Green-eyed monster

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Green-eyed monster is an idiom that is hundreds of years old. We will examine the meaning of the idiom green-eyed monster, where it came from, and some examples of its use in sentences.

The idiom green-eyed monster is a synonym for jealousy. Green-eyed monster is an embodiment of the human emotion of jealousy. Jealousy is a destructive emotion, and may involve envy, anger, humiliation, or suspicion. The idiom green-eyed monster was coined by William Shakespeare in his play, Othello, in 1604: “O, beware, my lord, of jealousy; It is the green-eyed monster which doth mock The meat it feeds on…” Note that the word green-eyed is an adjective used before a verb, and therefore, is hyphenated.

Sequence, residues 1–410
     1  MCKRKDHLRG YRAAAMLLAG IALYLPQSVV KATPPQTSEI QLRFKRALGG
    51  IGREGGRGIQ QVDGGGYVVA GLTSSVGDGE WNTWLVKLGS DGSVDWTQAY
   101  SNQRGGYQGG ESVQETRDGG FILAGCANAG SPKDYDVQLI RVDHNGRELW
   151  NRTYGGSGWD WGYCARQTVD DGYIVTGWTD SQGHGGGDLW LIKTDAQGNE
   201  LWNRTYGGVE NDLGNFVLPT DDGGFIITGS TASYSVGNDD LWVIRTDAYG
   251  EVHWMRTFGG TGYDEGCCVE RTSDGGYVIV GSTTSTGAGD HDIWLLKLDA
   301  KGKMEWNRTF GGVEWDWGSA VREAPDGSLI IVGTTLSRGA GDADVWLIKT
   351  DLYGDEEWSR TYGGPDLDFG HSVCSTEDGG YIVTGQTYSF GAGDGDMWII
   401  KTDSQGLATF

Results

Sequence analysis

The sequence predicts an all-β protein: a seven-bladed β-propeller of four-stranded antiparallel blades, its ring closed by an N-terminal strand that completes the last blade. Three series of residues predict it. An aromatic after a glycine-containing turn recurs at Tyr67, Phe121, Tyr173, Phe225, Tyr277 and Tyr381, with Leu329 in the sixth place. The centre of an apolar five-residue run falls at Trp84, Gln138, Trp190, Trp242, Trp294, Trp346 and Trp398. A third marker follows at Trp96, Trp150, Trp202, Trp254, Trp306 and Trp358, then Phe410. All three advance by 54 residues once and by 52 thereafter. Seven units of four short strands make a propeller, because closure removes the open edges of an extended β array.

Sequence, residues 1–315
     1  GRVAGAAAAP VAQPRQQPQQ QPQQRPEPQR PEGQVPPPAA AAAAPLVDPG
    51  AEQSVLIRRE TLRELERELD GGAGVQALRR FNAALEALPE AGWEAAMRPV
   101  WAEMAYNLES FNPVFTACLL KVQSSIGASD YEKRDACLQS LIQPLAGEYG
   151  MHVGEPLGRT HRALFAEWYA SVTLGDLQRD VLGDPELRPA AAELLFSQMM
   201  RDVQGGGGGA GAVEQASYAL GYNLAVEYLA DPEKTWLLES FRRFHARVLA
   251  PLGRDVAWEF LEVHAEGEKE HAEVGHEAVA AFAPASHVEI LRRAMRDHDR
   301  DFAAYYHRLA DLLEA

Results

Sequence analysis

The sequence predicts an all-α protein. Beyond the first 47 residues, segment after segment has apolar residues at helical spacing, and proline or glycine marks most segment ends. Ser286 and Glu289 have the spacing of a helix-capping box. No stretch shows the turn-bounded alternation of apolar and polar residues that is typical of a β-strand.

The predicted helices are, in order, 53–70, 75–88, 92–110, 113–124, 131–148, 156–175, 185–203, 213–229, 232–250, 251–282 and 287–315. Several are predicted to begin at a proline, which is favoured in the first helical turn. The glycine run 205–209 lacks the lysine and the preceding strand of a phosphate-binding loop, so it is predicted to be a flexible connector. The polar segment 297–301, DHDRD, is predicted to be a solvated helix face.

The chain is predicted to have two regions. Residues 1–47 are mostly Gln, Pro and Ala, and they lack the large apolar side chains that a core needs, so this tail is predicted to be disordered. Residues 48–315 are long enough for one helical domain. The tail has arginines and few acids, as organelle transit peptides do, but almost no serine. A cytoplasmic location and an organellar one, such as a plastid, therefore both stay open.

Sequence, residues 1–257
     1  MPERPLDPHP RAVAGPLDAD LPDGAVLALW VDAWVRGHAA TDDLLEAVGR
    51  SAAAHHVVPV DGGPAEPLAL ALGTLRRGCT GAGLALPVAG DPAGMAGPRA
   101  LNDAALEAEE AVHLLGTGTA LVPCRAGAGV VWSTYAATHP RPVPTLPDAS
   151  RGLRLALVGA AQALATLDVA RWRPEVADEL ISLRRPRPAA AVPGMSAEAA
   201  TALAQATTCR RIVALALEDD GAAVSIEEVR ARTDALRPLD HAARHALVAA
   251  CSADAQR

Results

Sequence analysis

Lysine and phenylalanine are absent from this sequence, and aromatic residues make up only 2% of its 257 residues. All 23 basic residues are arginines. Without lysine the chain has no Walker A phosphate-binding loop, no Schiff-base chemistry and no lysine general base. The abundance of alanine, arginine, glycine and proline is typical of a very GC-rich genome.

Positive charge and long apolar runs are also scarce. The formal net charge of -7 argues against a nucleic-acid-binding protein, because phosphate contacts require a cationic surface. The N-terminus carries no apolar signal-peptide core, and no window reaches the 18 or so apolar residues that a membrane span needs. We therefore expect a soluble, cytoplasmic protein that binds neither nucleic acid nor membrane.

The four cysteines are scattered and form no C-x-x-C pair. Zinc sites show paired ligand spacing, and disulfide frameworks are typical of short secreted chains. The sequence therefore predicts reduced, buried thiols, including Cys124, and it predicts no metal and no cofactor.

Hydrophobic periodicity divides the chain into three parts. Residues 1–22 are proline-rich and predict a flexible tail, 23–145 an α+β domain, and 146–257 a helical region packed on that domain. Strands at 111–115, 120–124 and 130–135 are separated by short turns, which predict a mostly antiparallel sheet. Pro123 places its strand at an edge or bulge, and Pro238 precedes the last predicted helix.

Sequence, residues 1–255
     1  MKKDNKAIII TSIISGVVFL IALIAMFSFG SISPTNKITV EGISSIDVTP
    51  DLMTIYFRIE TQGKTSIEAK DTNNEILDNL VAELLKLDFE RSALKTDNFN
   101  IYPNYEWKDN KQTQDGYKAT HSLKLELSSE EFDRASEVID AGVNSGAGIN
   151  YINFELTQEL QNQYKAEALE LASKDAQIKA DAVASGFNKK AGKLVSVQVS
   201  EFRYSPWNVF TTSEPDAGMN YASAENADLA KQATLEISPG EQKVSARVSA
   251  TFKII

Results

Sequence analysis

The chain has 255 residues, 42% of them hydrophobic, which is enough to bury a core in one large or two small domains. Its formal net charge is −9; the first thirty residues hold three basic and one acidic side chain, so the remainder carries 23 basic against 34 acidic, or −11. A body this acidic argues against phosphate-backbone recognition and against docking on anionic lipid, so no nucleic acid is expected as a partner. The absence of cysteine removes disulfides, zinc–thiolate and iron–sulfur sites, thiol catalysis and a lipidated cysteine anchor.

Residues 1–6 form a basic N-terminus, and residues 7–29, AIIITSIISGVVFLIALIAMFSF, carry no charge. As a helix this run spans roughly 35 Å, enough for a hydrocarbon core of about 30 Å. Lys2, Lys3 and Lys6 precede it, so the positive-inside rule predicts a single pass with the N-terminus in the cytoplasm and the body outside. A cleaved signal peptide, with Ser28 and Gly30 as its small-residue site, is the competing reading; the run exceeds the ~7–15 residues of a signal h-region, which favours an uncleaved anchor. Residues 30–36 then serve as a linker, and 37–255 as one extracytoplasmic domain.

“Not only do they have a huge mutual respect – they never utter a bad word to one another – there’s absolutely no place in the relationship for the green-eyed monster,” adds our source. (The Sun)

However, in the early days of the band’s fame, their success sparked some of the green-eyed monster in Sir Mick. (The Daily Express)

Professor Garth Lipps believes that the colloquial ‘green-eyed monster’ might have played a role in several of these vicious attacks on women, but he laments the fact that men often do not have someone to talk to who can help them tame their emotions. (The Jamaica Gleaner)